North Yorkshire Police

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Police probed on paedophile claims

Published January 6, 2015 by misty534


An investigation into why North Yorkshire Police delayed acting on information about potential paedophiles is focusing on 25 individuals who were named in intelligence, according to the police watchdog.

The Independent Police Complaints Commission (IPCC) said the 25 names were supplied to North Yorkshire Police by the National Crime Agency (NCA) arising out of Project Spade – a Canadian investigation into individuals suspected of accessing indecent images of children from a video production company.

North Yorkshire is one of three forces under investigation over alleged failures to act in relation to the Project Spade intelligence which was passed on by the Child Exploitation and Online Protection Centre (Ceop), now part of the NCA.

The others are Essex and North Wales.

The IPCC inquiry began after Essex Police referred itself to the commission following a delay in acting on an intelligence package from the NCA in November 2013 which identified now-deceased teacher Martin Goldberg as a potential paedophile.

Goldberg, who worked at Thorpe Hall School in Southend, was found to have hundreds of images of children on his computer when he was discovered dead at his Essex home the day after police had called on him.

Following the Essex referral, the IPCC wrote to chief constables of all police forces in England and Wales to ask whether their force received Project Spade material from the NCA and if so to review the way they treated the information.

As a result, the police watchdog received referrals from North Yorkshire and North Wales Police.

In a statement, the IPCC said: “Information currently indicates that 25 individuals, believed to be resident in the North Yorkshire area at the time, were named in the Project Spade intelligence and that there were delays in acting on the intelligence received until late September 2014.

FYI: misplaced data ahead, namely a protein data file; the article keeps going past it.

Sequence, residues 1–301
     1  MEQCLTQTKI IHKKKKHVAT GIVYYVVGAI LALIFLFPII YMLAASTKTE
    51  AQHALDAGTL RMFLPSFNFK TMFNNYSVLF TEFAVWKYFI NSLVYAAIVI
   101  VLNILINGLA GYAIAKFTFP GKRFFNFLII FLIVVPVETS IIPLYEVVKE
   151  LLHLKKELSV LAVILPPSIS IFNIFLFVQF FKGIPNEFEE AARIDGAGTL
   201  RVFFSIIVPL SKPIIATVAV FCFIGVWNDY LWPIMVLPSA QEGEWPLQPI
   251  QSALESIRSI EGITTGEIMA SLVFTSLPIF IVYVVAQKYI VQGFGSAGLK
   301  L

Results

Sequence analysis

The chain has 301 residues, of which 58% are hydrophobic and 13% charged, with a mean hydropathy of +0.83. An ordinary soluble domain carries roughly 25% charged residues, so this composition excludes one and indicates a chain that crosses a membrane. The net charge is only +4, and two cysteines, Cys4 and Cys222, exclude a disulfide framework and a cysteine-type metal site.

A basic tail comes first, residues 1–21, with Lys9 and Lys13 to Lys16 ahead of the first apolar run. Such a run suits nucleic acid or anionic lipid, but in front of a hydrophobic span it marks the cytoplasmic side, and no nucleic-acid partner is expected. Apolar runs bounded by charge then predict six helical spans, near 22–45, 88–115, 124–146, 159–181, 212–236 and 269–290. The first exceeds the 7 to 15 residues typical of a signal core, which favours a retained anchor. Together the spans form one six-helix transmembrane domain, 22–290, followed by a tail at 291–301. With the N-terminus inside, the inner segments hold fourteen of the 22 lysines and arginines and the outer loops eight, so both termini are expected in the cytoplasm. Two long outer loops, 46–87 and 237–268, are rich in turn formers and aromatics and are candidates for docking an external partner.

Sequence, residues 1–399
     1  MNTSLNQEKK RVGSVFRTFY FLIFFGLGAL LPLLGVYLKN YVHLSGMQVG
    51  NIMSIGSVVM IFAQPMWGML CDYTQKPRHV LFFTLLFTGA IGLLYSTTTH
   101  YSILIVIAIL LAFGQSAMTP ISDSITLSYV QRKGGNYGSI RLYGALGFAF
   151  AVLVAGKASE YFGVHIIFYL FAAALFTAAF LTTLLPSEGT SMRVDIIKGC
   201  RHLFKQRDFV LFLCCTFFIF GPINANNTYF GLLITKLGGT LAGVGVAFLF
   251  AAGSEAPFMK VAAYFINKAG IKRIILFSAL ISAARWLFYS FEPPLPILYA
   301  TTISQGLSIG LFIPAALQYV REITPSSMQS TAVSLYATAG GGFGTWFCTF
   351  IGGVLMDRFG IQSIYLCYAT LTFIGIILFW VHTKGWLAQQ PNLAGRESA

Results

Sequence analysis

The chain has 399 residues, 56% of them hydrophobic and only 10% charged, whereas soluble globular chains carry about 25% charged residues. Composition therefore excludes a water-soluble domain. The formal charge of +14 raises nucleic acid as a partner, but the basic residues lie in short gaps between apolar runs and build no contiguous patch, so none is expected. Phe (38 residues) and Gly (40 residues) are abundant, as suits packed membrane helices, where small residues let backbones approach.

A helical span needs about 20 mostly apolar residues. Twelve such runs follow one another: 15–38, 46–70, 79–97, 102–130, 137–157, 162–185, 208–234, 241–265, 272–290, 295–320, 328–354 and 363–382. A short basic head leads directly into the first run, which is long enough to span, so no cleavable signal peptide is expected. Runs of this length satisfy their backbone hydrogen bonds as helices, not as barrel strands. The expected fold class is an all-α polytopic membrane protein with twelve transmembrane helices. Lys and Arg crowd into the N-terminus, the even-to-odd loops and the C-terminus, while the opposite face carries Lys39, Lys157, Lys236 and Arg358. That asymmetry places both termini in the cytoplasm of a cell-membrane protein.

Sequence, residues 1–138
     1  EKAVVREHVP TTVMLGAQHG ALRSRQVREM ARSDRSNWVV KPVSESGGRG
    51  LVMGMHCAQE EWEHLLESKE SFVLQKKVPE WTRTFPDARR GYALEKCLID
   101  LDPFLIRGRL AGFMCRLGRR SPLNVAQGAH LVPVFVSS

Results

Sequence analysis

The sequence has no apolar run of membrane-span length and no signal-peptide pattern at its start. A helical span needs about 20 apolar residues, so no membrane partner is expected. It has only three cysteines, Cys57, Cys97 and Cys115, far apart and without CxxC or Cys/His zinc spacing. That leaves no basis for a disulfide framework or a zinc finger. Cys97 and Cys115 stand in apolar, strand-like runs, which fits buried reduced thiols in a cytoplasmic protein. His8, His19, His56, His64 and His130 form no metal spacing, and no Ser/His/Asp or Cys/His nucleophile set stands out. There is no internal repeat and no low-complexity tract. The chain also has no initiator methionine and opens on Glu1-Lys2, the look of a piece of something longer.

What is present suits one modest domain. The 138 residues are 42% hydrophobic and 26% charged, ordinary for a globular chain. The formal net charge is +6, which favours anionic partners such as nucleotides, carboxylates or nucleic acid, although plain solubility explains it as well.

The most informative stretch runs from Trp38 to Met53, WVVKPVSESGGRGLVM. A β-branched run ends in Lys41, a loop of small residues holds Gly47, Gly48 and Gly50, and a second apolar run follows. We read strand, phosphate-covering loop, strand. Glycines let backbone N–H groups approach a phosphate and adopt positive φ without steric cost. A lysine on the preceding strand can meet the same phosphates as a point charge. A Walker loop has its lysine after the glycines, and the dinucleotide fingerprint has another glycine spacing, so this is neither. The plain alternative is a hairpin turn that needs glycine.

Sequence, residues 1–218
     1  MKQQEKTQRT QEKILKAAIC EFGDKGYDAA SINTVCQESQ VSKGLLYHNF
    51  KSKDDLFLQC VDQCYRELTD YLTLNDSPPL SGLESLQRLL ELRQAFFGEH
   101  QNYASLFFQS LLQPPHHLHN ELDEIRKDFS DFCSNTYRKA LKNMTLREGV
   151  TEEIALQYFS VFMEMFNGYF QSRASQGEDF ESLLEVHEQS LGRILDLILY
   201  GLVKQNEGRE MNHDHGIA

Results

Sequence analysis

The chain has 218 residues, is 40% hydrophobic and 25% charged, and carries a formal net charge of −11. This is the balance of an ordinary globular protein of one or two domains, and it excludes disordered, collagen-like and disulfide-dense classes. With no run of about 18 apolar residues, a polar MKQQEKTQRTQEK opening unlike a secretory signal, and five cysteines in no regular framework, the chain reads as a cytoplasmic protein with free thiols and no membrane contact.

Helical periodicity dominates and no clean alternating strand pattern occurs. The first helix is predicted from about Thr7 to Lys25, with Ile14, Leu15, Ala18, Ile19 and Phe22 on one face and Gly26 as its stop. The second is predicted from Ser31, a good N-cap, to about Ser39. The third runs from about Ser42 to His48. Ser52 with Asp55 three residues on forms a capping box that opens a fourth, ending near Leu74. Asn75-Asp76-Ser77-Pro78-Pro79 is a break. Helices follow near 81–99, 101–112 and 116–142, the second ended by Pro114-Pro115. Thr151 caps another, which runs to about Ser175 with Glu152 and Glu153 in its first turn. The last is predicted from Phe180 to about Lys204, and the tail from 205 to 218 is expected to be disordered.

“North Yorkshire Police has confirmed that 17 individuals have now been arrested and bailed, four have been sent to other forces to deal with, two had previously been arrested on other relevant offences, one was dealt with other than by way of arrest and one is now deceased.”

IPCC commissioner Kathryn Stone said: “How police deal with child abuse is rightly of great concern to the families of those involved and society in general. It is vital that our investigation should examine how North Yorkshire Police dealt with the intelligence given to them by the NCA and what actions they took.

“We will be conducting a thorough and comprehensive investigation into this matter.”

The IPCC also outlined the terms of reference of its investigation into North Yorkshire Police. These include whether the force replied properly to requests from the NCA for updates on what they had done with the intelligence and what action NYP took based on the information passed to it by the agency.

The commission outlined the terms of reference of its Essex Police investigation last month and has yet to publish similar details about the inquiry with respect to North Wales Police.

The IPCC has also received a referral from the NCA relating to a failure to send out Project Spade intelligence received in July 2012 to UK police forces until November 2013.

Figures obtained by the Press Association last year showed that more than 200 suspects are still being investigated after information was first passed to Ceop by Canadian police in July 2012.

Controversy was sparked when it emerged that the tip-offs included information about disgraced Cambridgeshire medic Myles Bradbury as well as teachers Goldberg and Gareth Williams, who both secretly filmed children.

Williams, from Cardiff, is now serving a five-year jail term, but Goldberg was found dead a day after police first contacted him.

Following the death of Goldberg, 46, a search of his house was conducted and 7,257 indecent images of children that he had downloaded from the internet were found.

In addition, 1,468 images that appear to have been created by Goldberg were discovered, which included 465 images depicting nudity that appeared to have been taken or recorded at Southend Leisure and Tennis Centre swimming pool changing rooms.

A further 75 depicting nudity that appear to have been taken or recorded by Goldberg at Thorpe Hall School boys’ changing rooms were also found.

Wakefield Express

Jimmy Savile investigation: Police force apologises to victims of paedophile star and one of his friends for ‘missed opportunities’

Published December 18, 2014 by misty534

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North Yorkshire Police has admitted there could have been enough evidence to prosecute the broadcaster while he was still alive